Suwannee River Long Range Streamflow Forecasts Based on Seasonal Climate Predictors

Glenn A. Tootle, University of Tennessee - Knoxville
Thomas C. Piechota, University of Nevada, Las Vegas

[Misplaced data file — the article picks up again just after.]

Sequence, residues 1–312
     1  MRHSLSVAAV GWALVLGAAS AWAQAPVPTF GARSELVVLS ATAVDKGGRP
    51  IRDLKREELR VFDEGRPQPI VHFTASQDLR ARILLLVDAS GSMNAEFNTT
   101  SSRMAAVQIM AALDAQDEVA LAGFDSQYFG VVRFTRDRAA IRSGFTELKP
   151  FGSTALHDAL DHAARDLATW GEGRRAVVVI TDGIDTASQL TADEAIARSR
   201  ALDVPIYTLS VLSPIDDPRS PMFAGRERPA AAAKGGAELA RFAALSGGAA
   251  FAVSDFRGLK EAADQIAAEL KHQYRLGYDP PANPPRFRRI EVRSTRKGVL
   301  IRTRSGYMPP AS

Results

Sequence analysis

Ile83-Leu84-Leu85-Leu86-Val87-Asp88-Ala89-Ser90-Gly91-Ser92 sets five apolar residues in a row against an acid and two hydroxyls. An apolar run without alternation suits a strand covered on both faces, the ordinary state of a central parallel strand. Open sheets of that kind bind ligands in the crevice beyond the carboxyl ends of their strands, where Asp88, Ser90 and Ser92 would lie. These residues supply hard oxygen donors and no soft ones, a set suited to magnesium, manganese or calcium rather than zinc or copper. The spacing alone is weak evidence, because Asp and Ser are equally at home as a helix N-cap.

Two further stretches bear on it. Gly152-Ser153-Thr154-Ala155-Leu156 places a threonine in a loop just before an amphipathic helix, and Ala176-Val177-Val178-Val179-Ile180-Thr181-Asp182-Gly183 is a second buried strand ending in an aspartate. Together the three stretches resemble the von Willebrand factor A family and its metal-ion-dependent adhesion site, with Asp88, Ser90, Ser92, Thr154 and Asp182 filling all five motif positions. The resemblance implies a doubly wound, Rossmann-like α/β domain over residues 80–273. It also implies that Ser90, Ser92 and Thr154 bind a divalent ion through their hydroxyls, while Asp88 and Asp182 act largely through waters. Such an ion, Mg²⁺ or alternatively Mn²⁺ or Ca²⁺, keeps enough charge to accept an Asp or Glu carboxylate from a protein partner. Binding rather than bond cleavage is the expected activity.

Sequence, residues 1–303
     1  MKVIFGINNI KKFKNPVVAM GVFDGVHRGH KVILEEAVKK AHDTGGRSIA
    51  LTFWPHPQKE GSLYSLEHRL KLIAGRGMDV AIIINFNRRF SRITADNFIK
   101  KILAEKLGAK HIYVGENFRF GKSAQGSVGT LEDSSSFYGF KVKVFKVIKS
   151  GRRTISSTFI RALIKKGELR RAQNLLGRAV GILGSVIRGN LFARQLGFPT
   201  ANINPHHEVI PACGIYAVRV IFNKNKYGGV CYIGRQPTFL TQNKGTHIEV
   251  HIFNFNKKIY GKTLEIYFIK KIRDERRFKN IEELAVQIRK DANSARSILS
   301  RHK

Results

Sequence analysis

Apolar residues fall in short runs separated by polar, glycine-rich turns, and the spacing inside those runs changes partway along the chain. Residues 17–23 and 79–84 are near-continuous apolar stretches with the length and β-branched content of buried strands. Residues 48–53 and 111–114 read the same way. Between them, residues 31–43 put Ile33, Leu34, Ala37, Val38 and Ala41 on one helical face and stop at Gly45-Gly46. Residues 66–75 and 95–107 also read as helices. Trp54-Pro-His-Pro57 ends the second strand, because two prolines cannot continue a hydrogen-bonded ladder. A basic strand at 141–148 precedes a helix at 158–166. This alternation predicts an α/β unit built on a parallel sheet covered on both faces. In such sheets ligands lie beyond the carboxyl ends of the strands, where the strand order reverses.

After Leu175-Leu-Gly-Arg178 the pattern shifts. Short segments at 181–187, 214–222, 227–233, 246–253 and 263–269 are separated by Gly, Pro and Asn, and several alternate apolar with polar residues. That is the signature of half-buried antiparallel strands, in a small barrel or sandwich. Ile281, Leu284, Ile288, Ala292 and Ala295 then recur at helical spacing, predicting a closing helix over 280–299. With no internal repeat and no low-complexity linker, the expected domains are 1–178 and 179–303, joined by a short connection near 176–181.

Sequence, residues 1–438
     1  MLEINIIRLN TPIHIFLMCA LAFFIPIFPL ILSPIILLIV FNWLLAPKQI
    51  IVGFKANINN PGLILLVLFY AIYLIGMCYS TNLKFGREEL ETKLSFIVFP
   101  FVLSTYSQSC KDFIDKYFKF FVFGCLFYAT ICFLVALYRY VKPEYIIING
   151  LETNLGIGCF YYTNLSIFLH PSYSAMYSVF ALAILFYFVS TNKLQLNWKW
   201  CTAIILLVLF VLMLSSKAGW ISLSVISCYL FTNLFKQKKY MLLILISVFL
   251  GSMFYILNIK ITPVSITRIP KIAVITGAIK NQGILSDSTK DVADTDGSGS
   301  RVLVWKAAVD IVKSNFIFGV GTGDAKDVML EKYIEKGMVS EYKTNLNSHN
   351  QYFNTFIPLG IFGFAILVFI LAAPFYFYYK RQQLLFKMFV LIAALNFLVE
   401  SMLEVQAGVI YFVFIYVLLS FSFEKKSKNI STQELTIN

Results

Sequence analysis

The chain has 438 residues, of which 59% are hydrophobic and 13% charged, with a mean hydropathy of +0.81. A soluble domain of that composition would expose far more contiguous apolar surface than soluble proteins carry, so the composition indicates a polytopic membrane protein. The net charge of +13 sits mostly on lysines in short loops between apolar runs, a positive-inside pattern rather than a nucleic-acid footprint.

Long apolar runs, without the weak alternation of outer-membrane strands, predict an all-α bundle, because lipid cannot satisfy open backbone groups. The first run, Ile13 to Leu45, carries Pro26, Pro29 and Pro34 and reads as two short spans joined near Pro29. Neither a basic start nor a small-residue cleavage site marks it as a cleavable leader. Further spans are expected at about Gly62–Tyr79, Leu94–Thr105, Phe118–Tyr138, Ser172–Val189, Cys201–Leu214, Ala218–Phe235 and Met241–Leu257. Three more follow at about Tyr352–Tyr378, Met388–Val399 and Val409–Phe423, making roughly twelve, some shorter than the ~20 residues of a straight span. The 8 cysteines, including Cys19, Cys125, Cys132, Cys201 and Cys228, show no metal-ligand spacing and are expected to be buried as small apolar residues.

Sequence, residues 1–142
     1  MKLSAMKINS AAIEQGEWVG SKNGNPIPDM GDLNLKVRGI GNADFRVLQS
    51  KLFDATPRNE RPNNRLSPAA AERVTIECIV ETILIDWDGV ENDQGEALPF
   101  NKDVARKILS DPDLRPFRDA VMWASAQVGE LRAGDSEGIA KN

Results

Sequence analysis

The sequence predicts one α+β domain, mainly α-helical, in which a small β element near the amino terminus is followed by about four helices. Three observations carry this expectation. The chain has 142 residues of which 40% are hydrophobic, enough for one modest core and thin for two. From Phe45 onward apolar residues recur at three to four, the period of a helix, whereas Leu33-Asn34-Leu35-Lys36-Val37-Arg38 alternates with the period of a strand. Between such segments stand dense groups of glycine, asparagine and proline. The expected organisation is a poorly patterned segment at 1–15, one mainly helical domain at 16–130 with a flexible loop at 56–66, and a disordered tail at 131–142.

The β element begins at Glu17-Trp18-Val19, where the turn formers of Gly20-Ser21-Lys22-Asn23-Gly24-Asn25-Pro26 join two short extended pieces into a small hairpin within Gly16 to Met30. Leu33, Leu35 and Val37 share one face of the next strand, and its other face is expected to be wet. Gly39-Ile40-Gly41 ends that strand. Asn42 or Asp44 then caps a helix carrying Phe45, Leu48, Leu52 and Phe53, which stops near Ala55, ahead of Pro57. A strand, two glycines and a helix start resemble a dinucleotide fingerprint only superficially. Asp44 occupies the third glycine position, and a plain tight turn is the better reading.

A study of the influence of climate variability on streamflow in the southeastern United States is presented. Using a methodology previously applied to watersheds in Australia and the United States, a long range streamflow forecast (0 to 9 months in advance) is developed. Persistence (i.e., the previous season's streamflow) and climate predictors of the previous season are used to forecast the following season's (winter and spring) streamflow of the Suwannee River located in northern Florida. The winter and spring streamflow is historically the most likely to have severe flood events due to large scale cyclonic (frontal) storms. Results of the analysis indicated that a strong El Nino-Southern Oscillation (ENSO) signal exists at various lead times to the winter and spring streamflow of the Suwannee River. These results are based on the high correlation values of two commonly used measurements of ENSO strength, the Multivariate ENSO Index (MEI) and Sea Surface Temperature Range 1. Using the relationships developed between climate and streamflow, a continuous exceedance probability forecast was developed for two Suwannee River stations. The forecast system provided an improved forecast for ENSO years. The ability to predict above normal (flood) or below normal (drought) years can provide communities the necessary lead time to protect life, property, sensitive wetlands, and endangered and threatened species.